Similarly to the DCCT, the UKPDS found that a reduction in HbA1C resulted in decreased microvascular complications. Over the duration of the study, the intensive group had a mean HbA1C of 7.0% versus 7.9% in the conventional group. Diabetic retinopathy was reduced by 25% and early diabetic nephropathy (defined by the presence of microalbuminuria) by 33%. Overall, a 1% decrement in HbA1C translated to a 35% reduction in risk of diabetic complications. Similar to the DCCT, more frequent hypoglycemia and greater weight gain was observed in the intensive therapy cohort, with the exception of the metformin arm. Independently, improvements in blood pressure control reduced the risk of diabetes-related endpoints by 24%, diabetes-related deaths by 32%, and microvascular endpoints by 37%. Goals of Diabetic Management

The goal of diabetic management is to achieve and maintain normal or near-normal fasting, pre-meal and postprandial blood glucose concentrations. The ADA has defined goals as follows: HbA1C <7%, FPG 90-130 mgdL_ 1 (5.0-7.2 mmol L " 1), and a 2hPG <180 mgdL "1 (10mmolL " 1).

The DCCTand UKPDS demonstrated the benefits of glycemic control on the prevention of diabetic microvascular complications and potential benefit in diabetes-associated CVD. Independently, diabetes is a risk factor for CVD morbidity and mortality equivalent to having pre-existing coronary artery disease. Therefore, the treatment goals for modifiable cardiac risk factors, specifically blood pressure and abnormal lipid levels, are more aggressive in individuals with diabetes55 (Table 5). The ADA recommends a goal blood pressure of < 130/80 mmHg, LDL cholesterol of <100mgdL_ 1 (<70mgdL_ 1 in individuals with known coronary artery disease), HDL cholesterol of >40mgdL_ 1 (>50 mgdL_ 1 in women), and triglycerides <150 mgdL_ 1. Lifestyle Modifications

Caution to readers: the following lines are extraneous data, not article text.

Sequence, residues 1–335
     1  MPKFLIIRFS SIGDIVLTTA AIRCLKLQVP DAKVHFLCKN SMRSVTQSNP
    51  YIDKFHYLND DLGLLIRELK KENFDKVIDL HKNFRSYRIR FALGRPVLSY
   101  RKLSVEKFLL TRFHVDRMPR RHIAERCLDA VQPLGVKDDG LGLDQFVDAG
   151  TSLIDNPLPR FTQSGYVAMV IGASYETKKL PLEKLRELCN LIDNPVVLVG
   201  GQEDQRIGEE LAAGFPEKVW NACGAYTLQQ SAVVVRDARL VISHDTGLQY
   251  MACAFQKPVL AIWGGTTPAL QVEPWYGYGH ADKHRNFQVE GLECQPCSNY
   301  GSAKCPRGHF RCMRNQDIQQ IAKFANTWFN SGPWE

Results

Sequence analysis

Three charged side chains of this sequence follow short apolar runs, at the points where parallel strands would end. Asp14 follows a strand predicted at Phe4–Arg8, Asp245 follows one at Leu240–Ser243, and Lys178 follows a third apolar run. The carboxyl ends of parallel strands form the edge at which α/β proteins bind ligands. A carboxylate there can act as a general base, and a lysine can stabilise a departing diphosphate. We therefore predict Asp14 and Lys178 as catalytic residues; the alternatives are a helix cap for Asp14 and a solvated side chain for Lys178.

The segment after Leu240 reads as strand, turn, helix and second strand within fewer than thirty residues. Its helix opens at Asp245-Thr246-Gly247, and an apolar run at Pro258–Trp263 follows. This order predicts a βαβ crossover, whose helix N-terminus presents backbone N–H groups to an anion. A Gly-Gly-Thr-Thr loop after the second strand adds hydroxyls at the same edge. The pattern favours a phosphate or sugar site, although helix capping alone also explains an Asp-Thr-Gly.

The UKPDS study examined the glycemic response to the 3-month dietary run-in subjects completed prior to randomization.56 Only 16% of individuals achieved the glycemic target (FPG <108 mgdL_ 1 (6.0mmolL_ 1)) with

Table 5 Goals for the treatment of type 2 diabetes





Fasting plasma glucose Peak postprandial glucose

Blood pressure

Systolic Diastolic


Low-density lipoprotein (LDL) cholesterol4 Diabetes + coronary heart disease High density lipoprotein (HDL) cholesterol^ Triglycerides

90-130 mgdL "1 (5.0-7.2 mmol L " 1) <180 mgdL " 1 (< 10.0 mmol L "1)

<100 mgdL " 1 ( <2.6 mmol L "1) <70 mgdL "1

>40 mgdL -1 ( > 1.1 mmol L" 1) <150 mgdL- 1 ( < 1.7 mmol L -1)

Copyright © 2006 American Diabetes Association from Diabetes Care, 2006, 29, S4-S42. Reprinted with permission from the American Diabetes Association.

aHbA1C is the primary target for glycemic control. Glycemic goals should be individualized, with certain populations (children, pregnant women, and elderly) receiving special considerations, and less intensive glycemic goals in patients with severe or frequent hypoglycemia. Normoglycemia (HbA1C <6%) is optimal but increases the risk of hypoglycemic events. b LDL cholesterol goals are lower in patients with overt coronary heart disease. cHDL cholesterol goals are increased by 10mgdL"1 in women.

diet alone. The cohort that achieved the glycemic target lost an average of 15-20 pounds in the 3-month period. At 1-year follow-up only about half (9% of the starting group) maintained the target glycemic control on diet alone.

Sustained lifestyle modification is an essential element of all successful treatment regimens for T2DM. As primary or combined therapy, effective diet and exercise allow individuals with diabetes to utilize endogenous insulin more efficiently, thereby decreasing the amount of medication or supplemental insulin required to achieve euglycemia. The Diabetes Prevention Program (DPP) found that lifestyle interventions alone (goal for weight reduction >7%) decreased the risk of progression from IGT to T2DM by 58%, this being nearly twice as effective as metformin in preventing new cases of diabetes.13

Weight management follows a simple theory. If caloric intake exceeds caloric usage, then weight is accrued. If caloric usage exceeds caloric intake, weight is lost. Once a summative accrual or loss of 3500 calories occurs, 1 pound is gained or lost, respectively. Modest, but consistent, reduction in caloric intake is the key component to sustained weight loss. Increased physical activity plays an important ancillary role in preventing rebound weight gain. Improved glycemic control associated with a hypocaloric diet can be seen before appreciable weight loss occurs. Unfortunately, most efforts to change lifestyle are not sustained. Maintaining a hypocaloric diet and increased physical activity proves to be difficult for most individuals. Bariatric surgery is an option for some severely obese individuals, commonly resulting in dramatic and sustained weight loss.